The Gartley Pattern

The Gartley Pattern - Used by Professional Traders Since 1935

The Gartley pattern was first discovered by H.M.Gartley and described in his book "Profits in the Stock Market" in 1935. The book sold for \$1500 - and had a limited distribution. It is sometimes called the Gartley "222" pattern - due to the page number of his book that it appears in.

Gartley didn't use Fibonacci ratios in those days, but instead used 1/3 and 2/3 ratios. Larry Pesavento and Scott Carney appear to be attributed with assigning Fibonacci ratios to the Gartley, with Scott Carney defining precise measurements for it.

Along with the Bat Pattern, the Gartley is a Retracement pattern. That means the X point has some significance. Namely, the X-point can be a significant Support/Resistance (Demand/Supply) level - and also the pattern is invalidated if the D point exceeds the X point.

Gartley claimed that for over 30 years this pattern was profitable in 7 out of 10 cases.

This has been supported by systematic tests conducted by FxGroundworks recently, which show pattern success rates of around 90%

Gartley Pattern Structure

Key features to watch out for:

• Must have an AB=CD pattern that converges in the same area as the .786 Fibonacci on the XA, and also the 1.27 or 1.618 BC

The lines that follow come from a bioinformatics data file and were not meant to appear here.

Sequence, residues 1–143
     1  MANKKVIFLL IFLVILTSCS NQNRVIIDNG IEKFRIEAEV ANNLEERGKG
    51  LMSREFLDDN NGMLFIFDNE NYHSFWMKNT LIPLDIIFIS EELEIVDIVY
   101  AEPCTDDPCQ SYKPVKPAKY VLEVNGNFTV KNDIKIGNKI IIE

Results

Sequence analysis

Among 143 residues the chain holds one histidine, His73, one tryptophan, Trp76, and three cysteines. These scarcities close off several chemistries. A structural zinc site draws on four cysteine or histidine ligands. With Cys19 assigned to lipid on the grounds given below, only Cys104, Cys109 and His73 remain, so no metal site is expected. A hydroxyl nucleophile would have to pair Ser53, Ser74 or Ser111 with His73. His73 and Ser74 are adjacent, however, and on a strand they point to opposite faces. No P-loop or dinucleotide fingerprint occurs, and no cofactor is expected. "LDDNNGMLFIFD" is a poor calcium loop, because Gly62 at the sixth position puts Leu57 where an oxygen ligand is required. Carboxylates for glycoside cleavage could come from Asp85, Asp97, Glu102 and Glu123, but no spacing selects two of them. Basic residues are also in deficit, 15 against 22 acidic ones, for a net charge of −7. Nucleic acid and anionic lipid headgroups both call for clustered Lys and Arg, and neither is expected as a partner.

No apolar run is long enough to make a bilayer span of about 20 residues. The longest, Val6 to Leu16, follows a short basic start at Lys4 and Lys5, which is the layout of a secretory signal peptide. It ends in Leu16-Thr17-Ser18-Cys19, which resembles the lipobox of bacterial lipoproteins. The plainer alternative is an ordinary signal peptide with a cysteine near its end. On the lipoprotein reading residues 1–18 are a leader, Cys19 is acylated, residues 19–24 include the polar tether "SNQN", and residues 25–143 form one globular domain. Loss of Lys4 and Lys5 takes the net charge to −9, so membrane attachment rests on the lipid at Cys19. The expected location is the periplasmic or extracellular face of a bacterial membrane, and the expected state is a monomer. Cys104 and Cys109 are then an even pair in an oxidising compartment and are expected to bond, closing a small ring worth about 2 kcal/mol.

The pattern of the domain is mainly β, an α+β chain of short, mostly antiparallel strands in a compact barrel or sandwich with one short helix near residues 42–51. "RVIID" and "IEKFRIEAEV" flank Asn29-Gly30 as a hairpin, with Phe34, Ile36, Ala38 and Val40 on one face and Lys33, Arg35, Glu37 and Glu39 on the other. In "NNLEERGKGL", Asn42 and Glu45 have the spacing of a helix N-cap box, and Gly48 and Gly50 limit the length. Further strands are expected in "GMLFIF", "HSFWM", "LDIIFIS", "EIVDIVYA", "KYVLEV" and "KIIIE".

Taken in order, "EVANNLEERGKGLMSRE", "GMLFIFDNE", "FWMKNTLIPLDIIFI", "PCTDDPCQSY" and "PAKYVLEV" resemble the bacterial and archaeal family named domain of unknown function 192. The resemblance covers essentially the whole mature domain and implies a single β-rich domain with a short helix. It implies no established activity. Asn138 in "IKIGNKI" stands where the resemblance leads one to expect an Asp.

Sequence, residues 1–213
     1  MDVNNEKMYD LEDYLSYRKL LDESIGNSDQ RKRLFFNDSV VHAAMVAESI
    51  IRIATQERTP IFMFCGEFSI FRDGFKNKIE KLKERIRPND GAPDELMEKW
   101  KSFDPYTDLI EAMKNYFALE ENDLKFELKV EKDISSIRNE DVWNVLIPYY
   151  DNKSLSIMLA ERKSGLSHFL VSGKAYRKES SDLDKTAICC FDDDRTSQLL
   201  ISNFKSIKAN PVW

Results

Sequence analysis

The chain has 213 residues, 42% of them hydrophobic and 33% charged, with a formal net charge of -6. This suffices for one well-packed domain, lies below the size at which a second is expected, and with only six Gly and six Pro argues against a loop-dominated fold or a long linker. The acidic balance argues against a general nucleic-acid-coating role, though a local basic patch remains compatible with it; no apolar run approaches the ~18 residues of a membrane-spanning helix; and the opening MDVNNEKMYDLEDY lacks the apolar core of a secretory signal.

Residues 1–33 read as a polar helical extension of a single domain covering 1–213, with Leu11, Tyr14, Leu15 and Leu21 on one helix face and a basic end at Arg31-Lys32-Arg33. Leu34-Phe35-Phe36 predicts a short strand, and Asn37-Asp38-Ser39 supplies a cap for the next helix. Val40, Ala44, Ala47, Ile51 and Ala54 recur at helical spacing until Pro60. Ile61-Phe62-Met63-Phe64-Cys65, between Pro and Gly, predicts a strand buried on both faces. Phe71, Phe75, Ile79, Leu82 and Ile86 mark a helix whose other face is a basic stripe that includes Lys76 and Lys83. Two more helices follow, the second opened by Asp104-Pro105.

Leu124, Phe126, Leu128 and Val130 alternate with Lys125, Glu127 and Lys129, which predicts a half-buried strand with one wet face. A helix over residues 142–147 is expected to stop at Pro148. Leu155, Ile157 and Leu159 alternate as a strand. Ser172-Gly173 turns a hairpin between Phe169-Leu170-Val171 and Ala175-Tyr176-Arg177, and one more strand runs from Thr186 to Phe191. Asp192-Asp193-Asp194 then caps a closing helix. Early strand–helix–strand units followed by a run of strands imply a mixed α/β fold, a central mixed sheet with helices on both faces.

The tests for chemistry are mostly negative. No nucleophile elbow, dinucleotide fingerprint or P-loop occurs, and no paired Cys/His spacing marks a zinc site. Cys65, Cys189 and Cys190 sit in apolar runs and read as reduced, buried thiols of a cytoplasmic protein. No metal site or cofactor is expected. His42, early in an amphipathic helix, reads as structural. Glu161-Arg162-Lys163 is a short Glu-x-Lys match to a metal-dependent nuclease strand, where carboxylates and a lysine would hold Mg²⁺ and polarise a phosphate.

• Pattern Symmetry - ideally the number of bars in the AB leg should be the same as the number of bars on the CD leg.
• The B point retracement ideally at .618 of the XA leg.

Generally, Fibonacci retracement ratios for the B point are .382 (for a small small correction), .618 (the preferred retracement) and .786 (large correction).

However, Scott Carney, in his book "Harmonic Trading - Vol 1", specifies that the precise XA retracements (Fibonacci retracement level from X to A) should be .618 to point B, and .786 to point D, for the most reliable results. As illustrated in the above picture.

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The nice thing about the Gartley is that you don't need to try to identify the top or bottom of a trend.

That's because the Gartley is used to trade tests of highs and lows in the direction of a trend. So the ideal place to find a Gartley pattern is in a bullish or bearish channel.

When not to trade a Gartley

I never trade Gartley's if they are not in a channel. And also, I very rarely trade a Gartley pattern if it is the first one in a channel.

I prefer to let the channel trend get established with 3 or more touch points off the top and bottom trend lines of the channel first. (That's just in case it's a false start and not really the start of a trend).

And, of course, I would not trade a bearish Gartley in a bullish channel - that just would not make sense at all.

Example Gartley

In the example below the channel has already been established with at least 3 touch points.

Pattern Failure

If the pattern fails, i.e. when price continues through the PRZ, it may push through Resistance at the X-level - in which case a new pattern is a possibility.

Be sure to watch out for another pattern to form - such as a Crab Pattern with the D point at a new Support/Resistance level.

After all, a failed Gartley pattern is an opportunity for another pattern to develop.

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